The mind as artwork

D.: Herr Professor Salber, Cologne got a better reputation with Salber, but you are somewhat controversial. You have fans and you have foes. What is the crux of what you do?
S.: That probably has to do with the fact that I view the mind as a kind of artwork, and this artwork always relates to sensual and material aspects. It develops in works and wants to undergo kind of transformation at all costs. People have problems with this.
D.: You have created new categories in psychology. You yourself call it an uncomfortable, different kind of psychology. What is different about it?
S.: What is different is that we always assume what we can truly describe when we investigate a matter. Only then do we make a statement. This deviates from that which one relates oneself, only rationally, of when one only thinks about the matter logically.
D.: Your thoroughness and the intention of seeing connections during the lecture require patience.
S.: Yes, you could certainly say that. I would go even further. Right now we live in a culture which can be termed a “culture of disengagement.” Due to a desire for transformation and fear of the transformation we always want to jump from one thing to another, so that nothing can hold us captive and so that nothing can hurt us. Patience – that basically means carrying out something to the end. There are always things that we have to do a lot to achieve. I believe that this idea of carrying out something to the end, that people don’t learn this any more, and so they don’t get at many aspects of reality.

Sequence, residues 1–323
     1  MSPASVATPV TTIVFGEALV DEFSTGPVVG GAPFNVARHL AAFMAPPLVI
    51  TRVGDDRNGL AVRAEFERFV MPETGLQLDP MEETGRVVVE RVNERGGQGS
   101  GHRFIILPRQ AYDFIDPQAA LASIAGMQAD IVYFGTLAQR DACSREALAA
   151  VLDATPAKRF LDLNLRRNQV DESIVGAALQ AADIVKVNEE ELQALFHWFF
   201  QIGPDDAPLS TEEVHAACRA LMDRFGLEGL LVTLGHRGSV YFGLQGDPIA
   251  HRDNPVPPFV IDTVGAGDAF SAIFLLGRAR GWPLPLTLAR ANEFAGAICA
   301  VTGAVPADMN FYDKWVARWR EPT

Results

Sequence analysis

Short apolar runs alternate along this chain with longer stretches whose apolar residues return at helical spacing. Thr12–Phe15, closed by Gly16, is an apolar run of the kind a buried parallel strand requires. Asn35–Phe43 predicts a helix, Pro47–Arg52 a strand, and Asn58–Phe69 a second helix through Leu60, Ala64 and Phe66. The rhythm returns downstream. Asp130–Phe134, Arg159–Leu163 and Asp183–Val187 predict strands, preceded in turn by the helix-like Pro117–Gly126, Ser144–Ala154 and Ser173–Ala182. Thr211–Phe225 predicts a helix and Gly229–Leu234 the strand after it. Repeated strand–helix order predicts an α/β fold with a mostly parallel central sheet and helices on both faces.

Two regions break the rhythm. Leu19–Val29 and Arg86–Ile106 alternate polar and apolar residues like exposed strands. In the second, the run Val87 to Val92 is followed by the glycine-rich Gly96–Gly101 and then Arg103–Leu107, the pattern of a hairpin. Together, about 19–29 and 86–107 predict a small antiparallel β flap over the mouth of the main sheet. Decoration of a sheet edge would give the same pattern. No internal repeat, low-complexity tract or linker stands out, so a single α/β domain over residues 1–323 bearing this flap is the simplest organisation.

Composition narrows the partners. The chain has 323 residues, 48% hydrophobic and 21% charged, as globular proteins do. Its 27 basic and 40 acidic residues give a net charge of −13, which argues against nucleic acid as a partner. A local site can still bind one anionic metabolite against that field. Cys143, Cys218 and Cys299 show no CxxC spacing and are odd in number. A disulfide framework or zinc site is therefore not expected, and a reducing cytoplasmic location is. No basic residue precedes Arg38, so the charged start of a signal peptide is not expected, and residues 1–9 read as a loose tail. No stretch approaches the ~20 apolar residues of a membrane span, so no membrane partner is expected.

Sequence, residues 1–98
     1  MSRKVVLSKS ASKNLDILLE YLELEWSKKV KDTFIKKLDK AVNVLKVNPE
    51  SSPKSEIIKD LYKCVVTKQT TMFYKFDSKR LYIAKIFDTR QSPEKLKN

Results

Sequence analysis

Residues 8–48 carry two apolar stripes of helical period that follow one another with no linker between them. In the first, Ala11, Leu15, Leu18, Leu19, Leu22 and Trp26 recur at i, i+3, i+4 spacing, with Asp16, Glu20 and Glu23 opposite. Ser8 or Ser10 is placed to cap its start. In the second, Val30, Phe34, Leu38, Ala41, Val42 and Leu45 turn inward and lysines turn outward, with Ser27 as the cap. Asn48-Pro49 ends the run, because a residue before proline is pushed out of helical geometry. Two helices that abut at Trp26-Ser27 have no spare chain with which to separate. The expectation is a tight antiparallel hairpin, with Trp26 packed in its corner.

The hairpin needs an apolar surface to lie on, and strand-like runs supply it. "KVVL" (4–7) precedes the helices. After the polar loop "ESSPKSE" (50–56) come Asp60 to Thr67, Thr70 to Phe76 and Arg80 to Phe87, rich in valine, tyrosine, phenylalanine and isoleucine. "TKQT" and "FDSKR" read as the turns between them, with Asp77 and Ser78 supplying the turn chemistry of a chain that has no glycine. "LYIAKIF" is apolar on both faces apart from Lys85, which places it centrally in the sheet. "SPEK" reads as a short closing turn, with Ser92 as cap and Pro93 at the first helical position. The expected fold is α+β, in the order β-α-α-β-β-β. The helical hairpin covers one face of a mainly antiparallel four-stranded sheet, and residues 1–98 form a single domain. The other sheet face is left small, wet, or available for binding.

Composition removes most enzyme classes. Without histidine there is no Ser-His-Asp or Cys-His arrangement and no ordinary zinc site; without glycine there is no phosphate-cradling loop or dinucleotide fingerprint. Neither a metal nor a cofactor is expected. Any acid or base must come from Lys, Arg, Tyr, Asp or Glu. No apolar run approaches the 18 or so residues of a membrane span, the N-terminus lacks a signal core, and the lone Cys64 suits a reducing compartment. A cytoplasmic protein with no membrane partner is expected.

D.: You talk a lot about production contexts. That sounds like very modern psychology, sounds trendy, so to speak. What do you mean by that in your field?
S: I studied Latin and Greek, so I know what producere means.
It means: carry something out, bring something into development. Production does not mean that we do something with machines, but with our minds…I can formulate that in Kölsch, the dialect of Cologne: Is ständig am Gestalten, am Kramen un am Umkramen.
D.: Everything that is observed has to be put in a system. That’s how science works. Everything seeks transformation – but how do you create a plausible overview, a principle?
S.: Yes, astonishingly, we find this plausible overview already prepared in fairytales. Grimm’s fairytales show approximately three dozen transformation possibilities. That is a system which is not logical and rational, not definitory – but which is lively.
D. You talk about everyday culture. About how one “hangs together with oneself” when getting up in the morning, having breakfast, driving, playing, talking on the phone...
S: Yes – people have to cultivate themselves in order to cope with the diverse possibilities they have and with impediments to people in the world. In every life there is something like an image of the culture we have to cope with. If you water down this image, your life will become torn, embarrassing, tense.
D.: You are 75 years old. There are people who are born for retirement – but you will probably never be one of them. Viewing life as a possibility of cultivation seems to me to be something positive. Bringing culture to things that peeve us all. How did you get into this?
S.: That is something that simply developed. I completed my doctorate over 50 years ago, and since then I have deal uninterruptedly with this nice mental game. To my mind, it’s an endless game. These fairytales continue to come out – and that’s fun for me. They’re older than I am!

© 2015 rheingold